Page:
Additionally, through our Sacramental Marriage, we are to make the truth about humanity visible. As a married couple, through our concrete day-to-day actions, we are to make the truth about humanity visible to our children, to one another, and to the world.  Again, this takes “full, conscious, and active participation“ of the spouses.  There are lots of lies out there regarding what humanity is, what humans are made for, and what they are called to.  We have to be clues to the truth of humanity and the human predicament – the truth about sin, about forgiveness, about love, about sacrifice, about life.  This also requires studying and applying practically these truths as we live our lives as spouses and parents.

Still, the Mystery of Parenthood has not been exhausted.  In the end, “full, conscious, and active” participation in this mystery of parenting – in the act of being clues to this world of the invisible truth about God and about humanity – will lead us to happiness in this life and in the life to come because it will lead us to our high calling – holiness, union with God.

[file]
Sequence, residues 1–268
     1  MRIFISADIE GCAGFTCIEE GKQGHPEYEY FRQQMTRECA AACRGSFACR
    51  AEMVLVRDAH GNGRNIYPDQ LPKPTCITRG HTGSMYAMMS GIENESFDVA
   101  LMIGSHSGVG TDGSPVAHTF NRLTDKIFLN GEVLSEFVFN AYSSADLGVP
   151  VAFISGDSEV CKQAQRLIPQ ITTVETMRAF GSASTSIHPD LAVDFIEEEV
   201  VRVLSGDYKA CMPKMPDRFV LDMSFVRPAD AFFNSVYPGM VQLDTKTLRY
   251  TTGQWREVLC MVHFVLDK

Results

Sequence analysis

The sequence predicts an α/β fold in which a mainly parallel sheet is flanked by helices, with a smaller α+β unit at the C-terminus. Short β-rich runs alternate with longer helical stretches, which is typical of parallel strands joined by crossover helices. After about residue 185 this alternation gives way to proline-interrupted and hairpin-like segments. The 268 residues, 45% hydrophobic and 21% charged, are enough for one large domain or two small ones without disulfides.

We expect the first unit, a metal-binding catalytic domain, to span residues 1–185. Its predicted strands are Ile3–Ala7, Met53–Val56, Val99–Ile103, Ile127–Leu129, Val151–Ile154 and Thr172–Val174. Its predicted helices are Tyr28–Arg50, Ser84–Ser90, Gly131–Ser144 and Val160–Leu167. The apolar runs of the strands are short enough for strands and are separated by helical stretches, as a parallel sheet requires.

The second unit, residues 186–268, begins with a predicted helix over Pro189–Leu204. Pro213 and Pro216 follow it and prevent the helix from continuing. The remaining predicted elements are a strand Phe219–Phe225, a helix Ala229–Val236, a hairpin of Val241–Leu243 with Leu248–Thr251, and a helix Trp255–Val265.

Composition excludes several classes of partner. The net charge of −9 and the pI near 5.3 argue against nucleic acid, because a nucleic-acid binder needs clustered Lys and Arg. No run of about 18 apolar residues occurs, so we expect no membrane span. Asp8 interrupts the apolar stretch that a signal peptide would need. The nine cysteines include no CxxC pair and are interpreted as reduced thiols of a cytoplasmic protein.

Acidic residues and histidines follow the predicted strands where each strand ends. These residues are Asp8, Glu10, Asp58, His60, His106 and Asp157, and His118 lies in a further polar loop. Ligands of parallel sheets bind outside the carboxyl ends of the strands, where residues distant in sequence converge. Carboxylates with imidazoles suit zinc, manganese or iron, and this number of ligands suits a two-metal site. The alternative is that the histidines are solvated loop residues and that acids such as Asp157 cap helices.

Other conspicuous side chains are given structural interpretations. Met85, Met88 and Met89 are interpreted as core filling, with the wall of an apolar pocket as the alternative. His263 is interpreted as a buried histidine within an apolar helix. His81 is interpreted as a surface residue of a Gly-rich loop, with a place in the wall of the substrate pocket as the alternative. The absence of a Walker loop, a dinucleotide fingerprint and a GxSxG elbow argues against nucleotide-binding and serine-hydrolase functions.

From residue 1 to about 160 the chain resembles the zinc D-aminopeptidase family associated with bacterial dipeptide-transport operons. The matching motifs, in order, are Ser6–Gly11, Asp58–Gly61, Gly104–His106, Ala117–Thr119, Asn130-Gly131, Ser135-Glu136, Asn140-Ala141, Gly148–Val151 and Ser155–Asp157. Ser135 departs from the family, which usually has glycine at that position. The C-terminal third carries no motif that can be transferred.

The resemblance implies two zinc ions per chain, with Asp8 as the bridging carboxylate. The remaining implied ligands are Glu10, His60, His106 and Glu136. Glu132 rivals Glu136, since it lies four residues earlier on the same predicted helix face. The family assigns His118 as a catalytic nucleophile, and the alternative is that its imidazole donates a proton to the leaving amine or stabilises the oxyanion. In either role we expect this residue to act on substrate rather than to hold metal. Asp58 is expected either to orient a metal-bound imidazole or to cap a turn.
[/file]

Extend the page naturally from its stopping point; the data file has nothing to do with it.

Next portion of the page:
Pope John Paul II put it this way:

The body, in fact, and it alone, is capable of making visible what is invisible: the

spiritual and the divine.  It was created to transfer into the visible reality of the

world the mystery hidden since time immemorial in God, and thus be a sign of

it.  It is holiness to live this out. (Theology of the Body, 2/20/1980)

This mystery of parenthood – using our bodies to make the visible invisible – is our means to holiness, our means to happiness, our means to meaningful lives and wonderful marriages.  Spouses who spend their parenting years embracing, discovering, and practically applying the mystery of parenthood in their parenting will become fully alive.  They will not just go through the motions.  Oh, they will be tired and worn out, maybe even beat up a little bit.  But, it will all mean something.  It will mean becoming who they were created to be.  It will mean living full, beautiful, and meaningful lives – glorious lives, fully human lives.  It will mean fulfilling the mission entrusted to human beings – bringing glory to God by living life to its fullest measure.  The 2nd century doctor of the Church – St. Irenaeus – put it this way, “the glory of God is man fully alive”.  Ultimately, the Mystery of Parenthood is becoming the person you were created to be.

This program will provide parents with practical ways of being full, conscious and active participants in marriage and in parenthood..